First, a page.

Material and its performance matter


Elina Huttunen-Saarivirta
VTT Technical Research Centre of Finland Ltd

Advanced materials are in the core of the civilized society. Imagine transportation, power generation or the manufacturing of our daily necessities without metals and alloys carrying the loads or thin film and coatings providing the surface functionality – impossible! The volume of global crude steel production: over 1800 million tons per year [1], reflects the importance of steel in the community, and new modern steels are continuously developed to meet both the performance and sustainability requirements. The use of thin films and surface coatings is often a cost-efficient and versatile way of accommodating to the functionality criteria set by the operational environment. Indeed, during the recent decades, technological change and economic progress have grown ever more dependent on advanced materials, both alloys and surface coatings, due to increasingly complex industrial environments [2]. Thus we are more dependent on the performance of advanced materials than ever.

What are we then talking about when referring to materials performance? Materials performance can be defined as the ability of materials to respond to the system requirements, for example, to maintain their shape and load-bearing capacity under operation conditions. It is not an inherent material property like heat capacity or strength, yet ultimately defined by the properties and microstructure. Additionally, the system variables, like the chemistry of the environment or the contact to the tribological counterbody, significantly influence the ability of the material to behave as planned. In order to maximise the lifecycle of materials and components and keep them in service for as long as possible, the reliable and predictable materials performance under the operation conditions is crucial. In a bigger picture, we’re dealing with such issues as resource efficiency and competitiveness of businesses using the materials and components in their assets and as a part of production processes. The following numbers provide some examples of the magnitude of impact of materials performance issues. In process and chemical industries, corrosion is the most important material failure mechanism and globally the cause of costs worth approximately to 1-5 % of Gross Domestic Product (GDP) [3, 4], meaning in Finnish scale up to 12 billion € losses annually. In turn, in heavy machinery, roughly one fourth of the total energy (30% in transportation sector, 23% in power generation and manufacturing sectors) is consumed to overcome friction [5].  Worldwide, the annual financial losses by friction reach roughly the same magnitude as corrosion, 2 trillion €. Besides causing huge financial losses, corrosion shrinks the raw materials loops and friction and friction adds the industrial CO2 emissions. Holmberg and Erdemir [5] have estimated that by taking advantage of the new surface coatings, advanced materials and lubrication technologies, 40% of the costs by materials performance challenges and over 3 Gt CO2 emissions could be potentially saved in a long term (15 years). Such cost savings will definitely provide competitive edge for their beneficiaries, with lowered CO2 going towards the carbon neutrality goal. And these are just the impacts by corrosion and tribology!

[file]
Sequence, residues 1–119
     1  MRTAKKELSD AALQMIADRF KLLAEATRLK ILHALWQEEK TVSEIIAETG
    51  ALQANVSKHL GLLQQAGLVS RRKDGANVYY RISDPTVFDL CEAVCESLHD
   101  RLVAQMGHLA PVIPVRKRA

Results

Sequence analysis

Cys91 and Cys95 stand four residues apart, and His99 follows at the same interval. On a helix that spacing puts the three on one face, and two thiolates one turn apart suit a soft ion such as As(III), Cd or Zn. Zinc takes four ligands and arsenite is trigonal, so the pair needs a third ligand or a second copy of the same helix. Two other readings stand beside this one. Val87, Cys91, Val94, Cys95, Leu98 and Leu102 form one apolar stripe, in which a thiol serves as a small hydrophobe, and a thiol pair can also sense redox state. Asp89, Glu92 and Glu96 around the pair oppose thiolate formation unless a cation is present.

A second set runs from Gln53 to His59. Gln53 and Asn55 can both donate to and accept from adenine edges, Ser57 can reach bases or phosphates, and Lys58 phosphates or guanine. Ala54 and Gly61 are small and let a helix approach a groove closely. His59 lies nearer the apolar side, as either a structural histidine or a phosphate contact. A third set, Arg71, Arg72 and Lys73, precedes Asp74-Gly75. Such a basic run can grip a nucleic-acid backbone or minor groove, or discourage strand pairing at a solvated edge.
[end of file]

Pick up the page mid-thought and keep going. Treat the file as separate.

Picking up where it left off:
While watching news and reading newspapers or magazines, we are daily encountered with the megatrends of climate change and resource sufficiency. We all know the actions that are needed to combat them: reducing the dependency on fossil fuels by shifting to nuclear and renewable energy, such as wind energy and hydropower, and the electrification of traffic, and closing the raw material loops. In all these, advanced materials and particularly materials performance play a key role. However, bringing new technologies, such as electric vehicles, in the society does not happen at once. It is a lengthy process, which progresses along with the replacement of aging infrastructure and fleet. Meanwhile, we can, as pointed out in the previous chapter, make a significant contribution by optimizing the materials and their performance in the existing industrial systems. This is why we have initiated the Materials Performance Competence Spearhead (PerforMat). Stay tuned: in the future we will share knowledge and highlights from our activities.


1. (viewed on 24th February 2021)
2.    W. Fürbeth, M. Schütze, Progress in corrosion protection as a requirement for technical progress. Materials and Corrosion 60, 2009, 481-494.
3.    V.S., Sastri, Challenges in Corrosion: Costs, Causes, Consequences, and Control. John Wiley & Sons, New Jersey, USA, 2015.
4.    B. Hou, X. Li, X. Ma, C. Du, D. Zhang, M. Zheng, W. Xu, D. Lu, F. Ma, The cost of corrosion in China. npj Materials Degradation 1, 2017, 4.
5.    K. Holmberg, A. Erdemir, Influence of tribology on global energy consumption, costs and emissions. Friction 5, 2017, 263-284.


Elina Huttunen-Saarivirta

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